HELP!!!! Canon Power Shot G1X Can't photograph SMALL OBJECTS CLOSE UP

Started Mar 28, 2013 | Questions thread
Marco Nero
Marco Nero Veteran Member • Posts: 7,566
G1X - Macro Limitations and using Closeup Filters for small things...
2

Joseph Broz wrote:

I use Nikon cameras and Canon G1X has me baffled!!!!

A fellow photographer that weddings and events has been a dedicated Canon shooter for over 20 years.  Matt talked me into buying the Canon Power Shot G1X camera.  I have had the G1X for three days.  I could return it,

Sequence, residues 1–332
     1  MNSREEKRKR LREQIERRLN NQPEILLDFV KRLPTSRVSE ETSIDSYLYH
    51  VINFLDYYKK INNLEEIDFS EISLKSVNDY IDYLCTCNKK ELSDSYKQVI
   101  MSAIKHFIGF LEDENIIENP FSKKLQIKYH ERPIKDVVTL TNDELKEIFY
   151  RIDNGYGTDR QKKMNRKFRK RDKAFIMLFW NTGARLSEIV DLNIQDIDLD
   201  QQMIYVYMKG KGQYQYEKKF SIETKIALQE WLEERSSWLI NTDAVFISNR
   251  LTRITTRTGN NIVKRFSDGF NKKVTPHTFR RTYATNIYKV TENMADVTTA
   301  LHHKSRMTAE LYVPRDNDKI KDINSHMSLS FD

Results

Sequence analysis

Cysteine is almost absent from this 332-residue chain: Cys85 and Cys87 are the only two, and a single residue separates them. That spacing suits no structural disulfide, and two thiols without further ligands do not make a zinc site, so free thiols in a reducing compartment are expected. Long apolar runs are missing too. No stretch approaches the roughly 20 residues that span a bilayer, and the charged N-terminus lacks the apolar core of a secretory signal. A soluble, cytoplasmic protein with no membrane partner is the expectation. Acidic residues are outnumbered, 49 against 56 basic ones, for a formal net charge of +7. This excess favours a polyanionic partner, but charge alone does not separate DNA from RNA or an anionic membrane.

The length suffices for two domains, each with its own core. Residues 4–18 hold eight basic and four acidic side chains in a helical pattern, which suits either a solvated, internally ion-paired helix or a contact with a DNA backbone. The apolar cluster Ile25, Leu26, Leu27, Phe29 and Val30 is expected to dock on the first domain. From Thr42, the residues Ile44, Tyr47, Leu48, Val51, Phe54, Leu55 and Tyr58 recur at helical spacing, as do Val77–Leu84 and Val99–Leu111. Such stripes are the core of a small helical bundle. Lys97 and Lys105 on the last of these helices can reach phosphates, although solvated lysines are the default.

This camera is driving me nuts I can't photograph religious medals and crosses that I have cast with the GIX.  Matt told me he has NEVER tried to do macro photos!!!!

Help!!! How do you photograph small crosses, religious medals close up with the Canon Power Shot G1X.  The macro settings baffle me.

I have never owned a camera that could not do close up photos.

Fr. Joe

The Canon 58mm Closeup Lens is known as the '250D'.  You will also need to obtain the Canon G1X adapter Ring for mounting it to the front of your lens.  This ring can be used to add all sorts of creative and protective filters.

Hello Fr. Joe.